But in 2011 Novak Djokovic and later Andy Murray dethroned them at one major after another as well as at the Olympics. Federer last captured a Grand Slam event at the 2012 Wimbledon, his record-tying seventh. Nadal last hoisted a Slam trophy at the 2014 French Open, his record ninth. Though diehard fans of Roger and Rafa worried that their heroes might be washed up, they never lost hope.

 Just when their fans and everyone else least expected it, Roger and Rafa, like the Williams sisters, went “back to the future” and rediscovered the wizardry of their halcyon days. “I think both of us never thought we would be here,” Federer confided before the 2017 Australian Open final.

Federer injured his knee during his five-set loss to Milos Raonic in the 2016 Wimbledon semifinals and underwent the first surgery of his career, which caused him to sit out the last six months of 2016. Nadal missed the last four months of the year with a wrist injury.

 Life without the two legends at the top even seemed bearable, at least to some aficionados. Before the 35th chapter of their storied rivalry, Mats Wilander, a 1980s star, acknowledged, “I was already prepared in the last couple of majors and I have to say ... I didn’t miss them that much.”

But Wilander echoed the sentiments of many, when he said, “Now they’re back I realize, wow, how much they add. They made it look so easy, Federer’s way of playing and Nadal’s way of being, it’s just so natural they’re going to win. Now it’s like going to see the [Rolling] Stones every night. For me it’s unbelievable.”

The greatest tennis show on earth was back in town. Even so, questions abounded about these past-their-prime giants. How would 35-year-old Federer respond after surviving five-set thrillers against No. 5 Kei Nishikori and No. 4 Stan Wawrinka? What about 30-year-old, oft-injured Nadal who staved off Next Gen standouts Alexander Zverev and Grigor Dimitrov in grueling five-setters, not to mention wins over rocket-serving No. 3 Milos Raonic and super-athlete No. 6 Gaël Monfils?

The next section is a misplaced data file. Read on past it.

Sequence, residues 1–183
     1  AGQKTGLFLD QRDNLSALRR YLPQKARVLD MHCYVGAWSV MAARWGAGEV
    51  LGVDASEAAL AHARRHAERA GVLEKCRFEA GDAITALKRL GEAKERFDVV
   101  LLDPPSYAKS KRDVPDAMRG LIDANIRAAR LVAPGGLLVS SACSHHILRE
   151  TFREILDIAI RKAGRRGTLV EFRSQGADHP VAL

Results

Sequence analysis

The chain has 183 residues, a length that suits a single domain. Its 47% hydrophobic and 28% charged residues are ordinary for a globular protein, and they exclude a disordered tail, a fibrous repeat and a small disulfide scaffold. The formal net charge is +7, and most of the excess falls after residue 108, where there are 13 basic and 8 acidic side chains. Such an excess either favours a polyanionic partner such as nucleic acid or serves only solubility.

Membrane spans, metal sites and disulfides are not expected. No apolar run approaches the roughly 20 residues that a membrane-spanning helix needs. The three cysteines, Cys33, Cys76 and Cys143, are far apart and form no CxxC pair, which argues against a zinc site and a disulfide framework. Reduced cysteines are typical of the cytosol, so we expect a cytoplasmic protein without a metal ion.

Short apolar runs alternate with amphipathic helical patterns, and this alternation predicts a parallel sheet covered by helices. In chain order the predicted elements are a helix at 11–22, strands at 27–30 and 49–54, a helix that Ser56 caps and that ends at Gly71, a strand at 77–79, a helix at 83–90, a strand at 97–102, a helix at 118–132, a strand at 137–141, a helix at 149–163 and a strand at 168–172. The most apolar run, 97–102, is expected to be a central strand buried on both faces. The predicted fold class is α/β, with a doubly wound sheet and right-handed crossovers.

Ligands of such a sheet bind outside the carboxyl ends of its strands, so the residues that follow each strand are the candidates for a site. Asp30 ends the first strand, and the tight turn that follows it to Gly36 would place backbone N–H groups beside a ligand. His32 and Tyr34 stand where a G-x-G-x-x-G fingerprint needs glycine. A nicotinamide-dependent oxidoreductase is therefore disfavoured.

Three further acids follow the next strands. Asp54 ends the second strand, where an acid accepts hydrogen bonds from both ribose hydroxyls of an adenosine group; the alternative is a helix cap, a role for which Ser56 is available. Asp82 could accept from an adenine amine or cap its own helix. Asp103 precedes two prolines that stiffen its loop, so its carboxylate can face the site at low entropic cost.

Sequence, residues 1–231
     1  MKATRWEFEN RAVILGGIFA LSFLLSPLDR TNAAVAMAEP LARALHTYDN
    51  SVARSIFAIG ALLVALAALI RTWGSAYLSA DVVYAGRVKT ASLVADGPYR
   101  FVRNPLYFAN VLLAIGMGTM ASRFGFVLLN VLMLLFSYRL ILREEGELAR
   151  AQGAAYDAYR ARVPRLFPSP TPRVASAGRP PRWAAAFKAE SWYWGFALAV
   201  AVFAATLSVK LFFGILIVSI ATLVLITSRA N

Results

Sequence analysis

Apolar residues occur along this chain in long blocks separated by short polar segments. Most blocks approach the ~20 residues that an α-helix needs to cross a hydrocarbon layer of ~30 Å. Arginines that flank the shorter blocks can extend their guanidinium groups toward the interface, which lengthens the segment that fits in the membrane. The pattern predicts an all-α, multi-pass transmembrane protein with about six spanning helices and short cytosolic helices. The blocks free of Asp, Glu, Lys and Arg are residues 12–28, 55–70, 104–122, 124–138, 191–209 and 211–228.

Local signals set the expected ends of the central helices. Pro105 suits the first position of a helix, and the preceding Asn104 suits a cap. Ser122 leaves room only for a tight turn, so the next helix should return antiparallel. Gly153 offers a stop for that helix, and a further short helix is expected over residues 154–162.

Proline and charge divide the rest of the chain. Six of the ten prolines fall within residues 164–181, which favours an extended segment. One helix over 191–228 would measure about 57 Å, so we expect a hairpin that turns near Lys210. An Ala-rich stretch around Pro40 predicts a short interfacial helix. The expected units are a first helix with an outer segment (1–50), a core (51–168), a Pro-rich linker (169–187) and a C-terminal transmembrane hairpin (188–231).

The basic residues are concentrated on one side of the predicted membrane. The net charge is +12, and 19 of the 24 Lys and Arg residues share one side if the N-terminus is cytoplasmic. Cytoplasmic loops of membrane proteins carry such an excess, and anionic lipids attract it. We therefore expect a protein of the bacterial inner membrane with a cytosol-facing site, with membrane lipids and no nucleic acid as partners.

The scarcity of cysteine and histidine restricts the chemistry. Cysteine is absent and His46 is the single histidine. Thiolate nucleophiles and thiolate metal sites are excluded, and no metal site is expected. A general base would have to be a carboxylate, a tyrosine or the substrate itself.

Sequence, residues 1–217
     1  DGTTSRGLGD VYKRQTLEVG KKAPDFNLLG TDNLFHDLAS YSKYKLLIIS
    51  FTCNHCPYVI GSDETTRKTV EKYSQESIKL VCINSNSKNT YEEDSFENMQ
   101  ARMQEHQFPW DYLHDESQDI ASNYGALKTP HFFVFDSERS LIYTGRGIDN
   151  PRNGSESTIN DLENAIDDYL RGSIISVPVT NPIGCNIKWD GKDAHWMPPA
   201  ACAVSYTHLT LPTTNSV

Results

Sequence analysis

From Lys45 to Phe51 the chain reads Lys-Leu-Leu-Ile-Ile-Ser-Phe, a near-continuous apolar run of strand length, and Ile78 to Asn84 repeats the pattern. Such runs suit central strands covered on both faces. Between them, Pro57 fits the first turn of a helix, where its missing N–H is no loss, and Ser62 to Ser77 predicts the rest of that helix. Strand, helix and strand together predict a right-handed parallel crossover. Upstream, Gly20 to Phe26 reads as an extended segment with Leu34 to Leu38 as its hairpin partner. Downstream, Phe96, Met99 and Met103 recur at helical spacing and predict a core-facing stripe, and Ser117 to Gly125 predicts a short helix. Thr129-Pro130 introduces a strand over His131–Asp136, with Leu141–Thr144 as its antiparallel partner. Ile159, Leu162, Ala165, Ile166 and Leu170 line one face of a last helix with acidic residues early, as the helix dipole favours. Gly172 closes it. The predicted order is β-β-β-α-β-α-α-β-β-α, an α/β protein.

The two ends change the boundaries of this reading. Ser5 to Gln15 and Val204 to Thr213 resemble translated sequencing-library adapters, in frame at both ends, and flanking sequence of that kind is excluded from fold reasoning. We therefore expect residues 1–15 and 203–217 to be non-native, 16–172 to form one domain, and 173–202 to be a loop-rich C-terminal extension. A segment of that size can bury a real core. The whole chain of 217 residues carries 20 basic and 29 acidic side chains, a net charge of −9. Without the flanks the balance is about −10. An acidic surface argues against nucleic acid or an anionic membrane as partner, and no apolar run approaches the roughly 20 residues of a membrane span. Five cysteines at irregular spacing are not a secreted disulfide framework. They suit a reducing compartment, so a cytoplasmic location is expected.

While Roger had an extra day of rest and five hours fewer in total court time played, Rafa had an advantage, too. He prepared for the final by playing a stylistically similar semifinal opponent in Dimitrov, a gifted, single-handed backhand righty once dubbed “Baby Fed.”

 Nadal led their rivalry in just about every category: 23-11 overall, 6-2 in major finals, 10-9 on surfaces other than clay, and 3-0 at the Australian Open. But you could throw out those numbers because the friendly rivals had played only once in the past two years, when Federer took a three-set match at Basel in 2015.

Tactically, there would be no secrets. Each protagonist knew the other’s game inside and out. At the start of the season, the come-backing Nadal promised, “I want to make my forehand better. I want my opponent to feel pain.” Meanwhile, Federer’s pro-active plan was to go big or go home with his groundstrokes and win the position battle by hugging the baseline. Like in the good old days, it would be the power grinder versus the virtuoso shot-maker.

Two other factors benefited Federer: the recently resurfaced, faster Plexicushion courts and lighter, faster Wilson balls that take longer to fluff up and slow up.

Federer, the aggressor, grabbed the first set 6-4 with a service break in the seventh game, thanks to powerful serve returns and put-away volleys. “The fans want a five-setter,” offered ESPN analyst John McEnroe. They would get what they wanted, plus a smorgasbord of almost magical shots and unpredictable momentum changes.

Sensing he had to up the ante, Nadal added power and spin to his ferocious forehand and broke Federer’s serve twice to take the second set 6-3.